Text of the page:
CBS' Schieffer pushes right-wing falsehood that Kagan "would not allow military recruiters on campus"
Research ››› ››› MATT MCLAUGHLIN
CBS host Bob Schieffer falsely claimed that Supreme Court nominee Elena Kagan would not allow military recruiters on campus when she was the dean of Harvard Law School. In fact, Harvard students had access to military recruiters during Kagan's entire tenure as dean, and Harvard's data show that her actions did not hurt military recruitment.
Schieffer repeats false claim that Kagan banned military recruiters from Harvard Law
Schieffer: "[W]hen she was the dean of the Harvard law school, she would not allow military recruiters on campus because of the Don't Ask, Don't Tell policy of the military." From the May 16 edition of CBS' Face the Nation:
SCHIEFFER: Newt Gingrich said, "We are in two wars. I see no reason to appoint an anti-military Supreme Court justice." Now, I guess this grows out of the fact that when she was the dean of the Harvard law school, she would not allow military recruiters on campus because of the Don't Ask, Don't Tell policy of the military.
In fact, students had access to military recruiters during Kagan's entire tenure as dean
Military recruiters never barred from campus under Kagan. Throughout Kagan's tenure as dean, Harvard law students had access to military recruiters -- either through Harvard's Office of Career Services or through the Harvard Law School Veterans Association. Kagan became dean of Harvard Law in June 2003. In accordance with Harvard's existing nondiscrimination policy, she barred the school's Office of Career Services (OCS) from working with military recruiters for the spring 2005 semester after the U.S. Court of Appeals for the 3rd Circuit ruled that law schools could legally do so. During that one semester, students still had access to military recruiters via the Harvard Law School Veterans Association. During the fall 2005 semester, after the Bush administration threatened to revoke Harvard's federal funding, Kagan once again granted military recruiters access to OCS.
Harvard's data show that Kagan's actions did not hurt military recruitment. The notion that military recruitment was hurt by Kagan's actions is contradicted by data Media Matters obtained from Harvard Law School's public information officer. The prohibition on Harvard Law's OCS working with military recruiters existed during the spring 2005 semester, meaning that it could have affected only the classes of 2005, 2006, and 2007. However, the number of graduates from each of those classes who entered the military was equal to or greater than the number who entered the military from any of Harvard's previous five classes.
Former Harvard Law dean debunked claim that Kagan banned military recruiters. In a May 11 Wall Street Journal op-ed, Robert C. Clark -- Kagan's predecessor as dean of Harvard Law School -- explained:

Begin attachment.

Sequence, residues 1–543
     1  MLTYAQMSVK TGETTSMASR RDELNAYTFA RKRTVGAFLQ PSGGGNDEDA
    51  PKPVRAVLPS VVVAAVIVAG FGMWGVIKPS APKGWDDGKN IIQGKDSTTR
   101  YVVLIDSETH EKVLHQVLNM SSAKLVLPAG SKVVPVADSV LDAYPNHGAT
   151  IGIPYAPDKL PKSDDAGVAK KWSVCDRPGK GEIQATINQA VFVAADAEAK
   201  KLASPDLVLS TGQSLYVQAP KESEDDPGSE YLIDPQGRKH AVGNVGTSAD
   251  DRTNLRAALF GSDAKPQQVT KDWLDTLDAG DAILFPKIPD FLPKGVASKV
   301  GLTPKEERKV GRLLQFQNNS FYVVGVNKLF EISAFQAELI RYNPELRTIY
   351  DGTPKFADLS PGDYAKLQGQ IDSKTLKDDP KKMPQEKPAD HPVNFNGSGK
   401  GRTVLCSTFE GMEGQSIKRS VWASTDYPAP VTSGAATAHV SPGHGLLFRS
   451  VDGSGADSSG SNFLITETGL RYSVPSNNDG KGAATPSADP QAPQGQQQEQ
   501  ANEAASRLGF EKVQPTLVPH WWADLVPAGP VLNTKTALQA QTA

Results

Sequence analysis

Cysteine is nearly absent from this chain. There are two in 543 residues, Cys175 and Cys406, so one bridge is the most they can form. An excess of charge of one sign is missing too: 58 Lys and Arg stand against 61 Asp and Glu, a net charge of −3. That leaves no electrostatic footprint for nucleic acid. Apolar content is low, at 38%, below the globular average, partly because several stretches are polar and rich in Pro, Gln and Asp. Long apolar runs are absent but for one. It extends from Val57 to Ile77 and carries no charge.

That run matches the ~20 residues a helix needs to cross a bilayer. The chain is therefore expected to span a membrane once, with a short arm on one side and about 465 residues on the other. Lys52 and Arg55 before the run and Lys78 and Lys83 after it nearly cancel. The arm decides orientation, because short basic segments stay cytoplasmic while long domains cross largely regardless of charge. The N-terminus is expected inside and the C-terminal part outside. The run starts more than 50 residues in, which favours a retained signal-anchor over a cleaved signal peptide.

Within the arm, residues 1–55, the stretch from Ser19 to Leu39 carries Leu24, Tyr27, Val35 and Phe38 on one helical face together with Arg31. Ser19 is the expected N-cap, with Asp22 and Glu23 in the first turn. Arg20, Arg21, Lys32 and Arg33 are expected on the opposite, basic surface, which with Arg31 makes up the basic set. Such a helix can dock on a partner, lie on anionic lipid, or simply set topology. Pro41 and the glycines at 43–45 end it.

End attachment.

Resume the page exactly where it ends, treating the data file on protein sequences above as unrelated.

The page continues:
As dean, Ms. Kagan basically followed a strategy toward military recruiting that was already in place. Here, some background may be helpful: Since 1979, the law school has had a policy requiring all employers who wish to use the assistance of the School's Office of Career Services (OCS) to schedule interviews and recruit students to sign a statement that they do not discriminate on the basis of race, gender, sexual orientation, and so on.
For years, the U.S. military, because of its "don't ask, don't tell" policy, was not able to sign such a statement and so did not use OCS. It did, however, regularly recruit on campus because it was invited to do so by an official student organization, the Harvard Law School Veterans Association.
The symbolic effect of this special treatment of military recruiters was important, but the practical effect on recruiting logistics was minimal. In 2002, however, the Air Force took a hard line with Harvard and argued that this pattern did not provide strictly equal access for military recruiters and thus violated the 1996 Solomon Amendment, which denies certain federal funds to an education institution that "prohibits or in effect prevent" military recruiting. It credibly threatened to bring an end to federal funding of all research at the university.
After much deliberation with the president of Harvard and other university officials, we decided to make an exception for the military to the school's nondiscrimination policy. At the same time, I, along with many faculty and students, publicly stated our opposition to the military's policy, which we considered both unwise and unjust, even as we explicitly affirmed our profound gratitude to the military. Virtually all law schools affiliated with large universities did the same.
When Ms. Kagan became dean in July of 2003, she upheld this newer policy. Military recruiters used OCS services, but at the beginning of each interviewing season she wrote a public memorandum explaining the exception to the school's nondiscrimination policy, stating her objection to "don't ask, don't tell," and expressing her strong view that military service is a noble and socially valuable career path that should be encouraged and open to all of our graduates.
In November 2004, however, the Third Circuit Court of Appeals found that the Solomon Amendment infringed improperly on law schools' First Amendment freedoms. So Ms. Kagan returned the school to its pre-2002 practice of not allowing the military to use OCS, but allowing them to recruit via the student group.
Yet this reversion only lasted a semester because the Department of Defense again threatened to cut off federal funding to all of Harvard, and because the U.S. Supreme Court reversed the Third Circuit's decision. Once again, military recruiters were allowed to use OCS, even as the dean and most of the faculty and student body voiced opposition to "don't ask, don't tell."